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The U.S. Army Professional Writing Collection draws from a variety of professional journals that focus on relevant issues affecting The Army. The views expressed are those of the author and do not represent the official position of the Army. This micro-site seeks to stimulate innovative thinking about the challenges that may face tomorrow's Army. It is further intended that the articles featured on this site cause reflection, increased dialogue within the Army Community, and in the best case, action by Soldiers. Updated monthly, these articles are written by Soldiers, civilians, academics, and other subject matter experts. Links to various Army publications, Department of Defense journals and selected non-governmental defense-related publications are also provided on this site.

Afghanistan Four Years On: An Assessment

Marketing: An Overlooked Aspect of Information OperationsThere are grounds for optimism vis-à-vis the future of Afghanistan. As with any complex mechanism, however, the finer components may be damaged with wear and tear and not all the gears will mesh when we want them to. There is an argument to made in the age of information operations that the simplistic metrics applied by the media and those seeking to make political fodder out of Afghanistan will always leave us with a perception that the country is on the brink of failure. The lack of historical context to these arguments, the ignorance of the effects of the high level of damage caused by 25 years of war, an underestimation of what the Afghan people are capable of, and the ruthless hunt for apparent failure will obscure the realities and complexities of reconstruction in this vast and diverse country. Operation Enduring Freedom and the International Security Assistance Force continue to be critical instruments in buying the Afghan government time for security sector reform. NATO members, however, must live up to the high expectations they established in Istanbul.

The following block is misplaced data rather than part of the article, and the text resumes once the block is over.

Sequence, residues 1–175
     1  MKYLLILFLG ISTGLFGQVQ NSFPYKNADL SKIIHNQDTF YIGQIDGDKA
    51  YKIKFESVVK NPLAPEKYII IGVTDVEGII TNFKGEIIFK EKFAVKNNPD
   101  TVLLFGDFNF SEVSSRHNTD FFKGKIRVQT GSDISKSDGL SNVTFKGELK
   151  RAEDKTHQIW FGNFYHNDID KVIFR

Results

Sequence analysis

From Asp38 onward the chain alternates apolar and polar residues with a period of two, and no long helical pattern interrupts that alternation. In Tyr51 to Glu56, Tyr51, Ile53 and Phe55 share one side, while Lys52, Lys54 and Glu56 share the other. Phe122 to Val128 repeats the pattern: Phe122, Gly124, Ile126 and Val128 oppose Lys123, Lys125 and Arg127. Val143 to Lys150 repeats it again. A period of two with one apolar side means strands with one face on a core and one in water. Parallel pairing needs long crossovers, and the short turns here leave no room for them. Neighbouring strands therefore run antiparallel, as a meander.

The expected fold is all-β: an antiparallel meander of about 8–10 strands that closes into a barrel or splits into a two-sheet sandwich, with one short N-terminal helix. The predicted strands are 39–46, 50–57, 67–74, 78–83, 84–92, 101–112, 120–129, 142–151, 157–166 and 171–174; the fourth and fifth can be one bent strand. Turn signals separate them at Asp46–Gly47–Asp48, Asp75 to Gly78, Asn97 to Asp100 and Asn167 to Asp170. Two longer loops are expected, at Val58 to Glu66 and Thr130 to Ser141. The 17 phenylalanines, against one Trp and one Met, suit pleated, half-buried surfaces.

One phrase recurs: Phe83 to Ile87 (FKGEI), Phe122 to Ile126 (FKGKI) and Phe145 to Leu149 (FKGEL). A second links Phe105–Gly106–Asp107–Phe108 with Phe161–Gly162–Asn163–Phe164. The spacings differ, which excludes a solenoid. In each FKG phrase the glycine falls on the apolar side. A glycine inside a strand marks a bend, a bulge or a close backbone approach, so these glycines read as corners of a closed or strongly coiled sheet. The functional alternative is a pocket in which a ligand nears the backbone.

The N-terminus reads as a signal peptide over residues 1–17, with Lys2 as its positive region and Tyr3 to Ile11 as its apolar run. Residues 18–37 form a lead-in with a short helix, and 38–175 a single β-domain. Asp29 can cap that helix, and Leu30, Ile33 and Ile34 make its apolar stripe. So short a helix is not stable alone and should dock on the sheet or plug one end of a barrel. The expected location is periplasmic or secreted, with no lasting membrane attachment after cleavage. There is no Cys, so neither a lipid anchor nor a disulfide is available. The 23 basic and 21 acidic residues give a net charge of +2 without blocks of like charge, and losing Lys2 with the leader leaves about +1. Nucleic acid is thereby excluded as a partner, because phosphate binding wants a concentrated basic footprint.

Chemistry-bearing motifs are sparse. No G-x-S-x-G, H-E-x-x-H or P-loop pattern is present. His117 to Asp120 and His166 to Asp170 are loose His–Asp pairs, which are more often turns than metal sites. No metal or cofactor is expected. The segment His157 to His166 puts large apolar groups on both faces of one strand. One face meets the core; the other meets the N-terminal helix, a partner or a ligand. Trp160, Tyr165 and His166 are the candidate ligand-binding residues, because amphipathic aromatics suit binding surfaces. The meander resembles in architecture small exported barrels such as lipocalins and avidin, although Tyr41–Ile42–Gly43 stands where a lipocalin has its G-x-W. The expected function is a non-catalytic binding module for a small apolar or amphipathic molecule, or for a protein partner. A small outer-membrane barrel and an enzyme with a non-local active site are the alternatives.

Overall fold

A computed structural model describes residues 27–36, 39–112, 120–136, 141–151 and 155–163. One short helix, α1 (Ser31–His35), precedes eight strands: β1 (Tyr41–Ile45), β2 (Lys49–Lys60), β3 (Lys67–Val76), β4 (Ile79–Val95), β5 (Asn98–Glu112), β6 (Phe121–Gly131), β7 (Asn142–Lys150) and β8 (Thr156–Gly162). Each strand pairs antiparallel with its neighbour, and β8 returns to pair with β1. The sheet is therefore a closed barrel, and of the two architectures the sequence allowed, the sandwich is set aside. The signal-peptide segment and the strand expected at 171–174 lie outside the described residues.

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The British Army and Counterinsurgency: The Salience of Military Culture

Winning the Peace The Requirement for Full-Spectrum OperationsYears of experience in small wars and counterinsurgencies have over time imbued the British Army as an institution with certain principles about the use of force in such operations. As a result, the British have wholeheartedly accepted that they should use minimum force, but only when required. The British also seem to exhibit more patience when it comes to protracted internal security problems, which is probably attributable to a tradition of operating in small, autonomous units in isolated and far away places. Moreover, the British approach to casualties is best described as a stiff-upper-lip attitude. A history of taking a limited number of casualties in remote places for unclear reasons has made the British tolerable of casualties. The British Army does not try to avoid casualties, and it does not seem to be averse to taking them. Also, due in part to a history of limited resources, the British Army does not overrely on technology as a be-all and end-all solution.